Tamora Pierce is the author of seemingly millions of books for young readers. With a backlist spanning more than 20 years, it’s fair to say she’s had a massive influence on fantasy for young adults. Her extremely popular Song of the Lioness series features Alanna and Thom, a pair of twins willing to challenge gender roles to pursue the lifestyles of their choice. Her latest works include the Beka Cooper books, Terrier and Bloodhound and the Circle of Magic Quartet, featuring the recent Melting Stones. With so much on her plate, I was thrilled to find that Ms. Pierce was willing to contribute so much of her time to our LGBT blogging project. Below are her fabulous reviews.
TAMORA PIERCE on PARROTFISH by Ellen Wittlinger
Grady’s family originally named him Angela, and it took him a while to work out that she was a boy. This story begins on the day he goes to high school with his new name, one that finally fits his feeling about who he is. He wants people to know him as Grady and to recognize the truth of what he is, but he already knows there will be plenty of resistance, starting at home, with a mother who wanted a girly girl, and a younger sister who thinks Grady is doing this to torture her. Grady’s former best friend has turned from him to the popular, bullying girls who loathe any difference, and only sees Grady when no one else is around. The school teachers, except for a surprisingly sympathetic gym coach, also refuse to address Grady by name, and the principal tells him that he’s going through a phase. Luckily there is the weird kid Sebastian, who knows about the sex-changing parrotfish and is in Grady’s video class, and Kita and her boyfriend Russell, who accept Grady just as he is.
It’s a wonderfully real world book, with bullying on a school level, and the kind of nastiness that involves the death of a thousand cuts rather than physical death at high noon–the kind of reception any GLBT kid can expect from their schools. Grady may be a little too secure in himself for a trans kid who’s facing the world for the first time, but on the other hand, he’s been thinking about this for years, even setting up a trial balloon as a lesbian a year or two before so people can get used to the fact that he likes girls (back when he was treated as a she). I liked that fact that he is so thoroughly a boy, particularly when it comes to dealing with Kita.
I also think this is a good book for this era in time, when more of our population has gotten used to GLBTs. This is a second wave book, for people who know they can probably come out safely at school, but would like a realistic picture of what they will find.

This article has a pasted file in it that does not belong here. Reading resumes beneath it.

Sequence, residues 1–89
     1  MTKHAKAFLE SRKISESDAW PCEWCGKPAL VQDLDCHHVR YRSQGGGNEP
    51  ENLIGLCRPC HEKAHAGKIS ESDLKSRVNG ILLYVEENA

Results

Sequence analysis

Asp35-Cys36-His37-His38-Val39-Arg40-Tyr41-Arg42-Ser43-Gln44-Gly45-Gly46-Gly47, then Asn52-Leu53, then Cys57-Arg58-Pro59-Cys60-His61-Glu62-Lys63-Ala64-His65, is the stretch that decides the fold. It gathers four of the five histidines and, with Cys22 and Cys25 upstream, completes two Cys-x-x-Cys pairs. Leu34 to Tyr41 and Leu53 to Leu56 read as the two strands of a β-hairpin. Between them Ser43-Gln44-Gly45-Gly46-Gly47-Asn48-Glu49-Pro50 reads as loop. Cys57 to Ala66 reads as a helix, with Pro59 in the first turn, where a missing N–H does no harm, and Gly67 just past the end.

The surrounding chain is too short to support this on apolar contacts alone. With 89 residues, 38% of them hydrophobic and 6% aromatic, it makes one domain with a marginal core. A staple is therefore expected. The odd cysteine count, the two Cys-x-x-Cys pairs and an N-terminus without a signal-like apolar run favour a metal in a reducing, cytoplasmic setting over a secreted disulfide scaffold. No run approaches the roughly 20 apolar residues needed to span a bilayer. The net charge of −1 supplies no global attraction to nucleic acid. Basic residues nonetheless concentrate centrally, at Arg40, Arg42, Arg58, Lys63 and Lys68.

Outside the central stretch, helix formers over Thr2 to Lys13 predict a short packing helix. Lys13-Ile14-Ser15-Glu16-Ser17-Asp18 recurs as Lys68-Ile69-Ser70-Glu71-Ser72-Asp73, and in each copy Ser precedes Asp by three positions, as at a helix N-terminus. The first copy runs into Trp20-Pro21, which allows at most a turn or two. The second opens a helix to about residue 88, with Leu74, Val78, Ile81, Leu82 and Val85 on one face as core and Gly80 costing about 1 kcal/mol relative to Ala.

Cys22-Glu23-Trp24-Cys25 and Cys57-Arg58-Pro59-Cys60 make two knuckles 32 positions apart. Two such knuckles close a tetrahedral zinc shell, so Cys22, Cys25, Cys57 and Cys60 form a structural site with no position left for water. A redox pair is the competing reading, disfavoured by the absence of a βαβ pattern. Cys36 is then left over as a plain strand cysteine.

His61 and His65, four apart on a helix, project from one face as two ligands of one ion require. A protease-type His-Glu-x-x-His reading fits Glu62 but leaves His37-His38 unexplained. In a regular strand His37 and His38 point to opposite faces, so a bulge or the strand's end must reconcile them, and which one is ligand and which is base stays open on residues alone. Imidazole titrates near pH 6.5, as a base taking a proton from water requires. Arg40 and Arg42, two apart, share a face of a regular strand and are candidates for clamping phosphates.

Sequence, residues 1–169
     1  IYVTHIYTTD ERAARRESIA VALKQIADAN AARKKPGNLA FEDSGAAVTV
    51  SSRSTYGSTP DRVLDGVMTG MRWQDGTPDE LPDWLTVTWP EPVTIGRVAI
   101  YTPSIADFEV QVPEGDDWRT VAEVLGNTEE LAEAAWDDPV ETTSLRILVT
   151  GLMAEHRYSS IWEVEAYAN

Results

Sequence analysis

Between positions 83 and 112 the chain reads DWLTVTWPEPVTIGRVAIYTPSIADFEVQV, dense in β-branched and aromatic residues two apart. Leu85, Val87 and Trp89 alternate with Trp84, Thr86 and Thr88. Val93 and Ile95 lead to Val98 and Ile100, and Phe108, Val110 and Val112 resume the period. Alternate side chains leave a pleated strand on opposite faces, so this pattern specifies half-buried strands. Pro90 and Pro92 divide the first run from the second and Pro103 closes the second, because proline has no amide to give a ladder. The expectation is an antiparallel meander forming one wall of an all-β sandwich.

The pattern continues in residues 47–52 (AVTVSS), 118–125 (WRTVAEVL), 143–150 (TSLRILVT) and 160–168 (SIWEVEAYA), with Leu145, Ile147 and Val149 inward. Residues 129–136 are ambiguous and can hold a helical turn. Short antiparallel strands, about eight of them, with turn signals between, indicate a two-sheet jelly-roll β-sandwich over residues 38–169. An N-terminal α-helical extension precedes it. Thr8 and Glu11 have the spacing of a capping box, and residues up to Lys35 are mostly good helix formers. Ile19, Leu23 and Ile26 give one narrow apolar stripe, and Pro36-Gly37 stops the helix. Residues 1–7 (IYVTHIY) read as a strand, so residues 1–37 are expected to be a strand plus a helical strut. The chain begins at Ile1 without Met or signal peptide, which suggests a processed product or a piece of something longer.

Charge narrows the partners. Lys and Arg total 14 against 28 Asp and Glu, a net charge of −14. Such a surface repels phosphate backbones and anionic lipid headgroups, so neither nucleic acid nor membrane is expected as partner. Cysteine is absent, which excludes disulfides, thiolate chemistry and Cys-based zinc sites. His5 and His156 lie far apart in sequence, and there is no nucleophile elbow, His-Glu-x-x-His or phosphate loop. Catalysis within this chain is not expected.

TAMORA PIERCE on AM I BLUE?: Coming Out from the Silence edited by Marion Dane Bauer
This collection features powerhouse writers in the field like Francesca Lia Block, Nancy Garden, and Gregory Macguire, as well as some of the giants of intermediate and teen literature like Bruce Coville, William Sleator, Jane Yolen, M. E. Kerr, and Lois Lowry. The entire spectrum of coming-out experiences is shown, in a wide variety of ways. Friends grow apart under the pressure of changing sexuality in Jacqueline Woodson‘s “Slipping Away,” while Jane Yolen ties coming out to the legends and the magic of the dark sister in her fantasy tale “Blood Sister.” My favorite is Bruce Coville‘s title story, “Am I Blue?”, featuring the first fairy godfather and a sly bit of psychology.
Anyone can read this anthology and enjoy it. For GLBT readers many stories depict what coming out was like for people in the 50s, 60s, 70s, and 80s as well as more recently. These stories are a way to connect with those who have gone before as well as a way to experience coming out through others’ eyes.
TAMORA PIERCE on HERO by Perry Moore
Thom Creed doesn’t want much from life. He wants his mother, who abandoned him and his father, to return. He wants his father, a stern, disgraced former superhero, to love him. He wants to be a superhero himself and get to know his mancrush, Uberman, blond and perfect. And he is certain he will get none of these things because he is deeply closeted. Hide his sexuality though he will, the whispers go out, first at a basketball game, and then around Thom’s school. That’s what makes him so nervous when his help during a bus hijacking results in Thom’s invitation to the superheroes’ tryouts. He’s afraid the superheroes will throw him out when he admits he’s gay (to save a supervillain from an unjust accusation—I love this kid!)—and he’s right. Worse, now his father knows, and he doesn’t react well.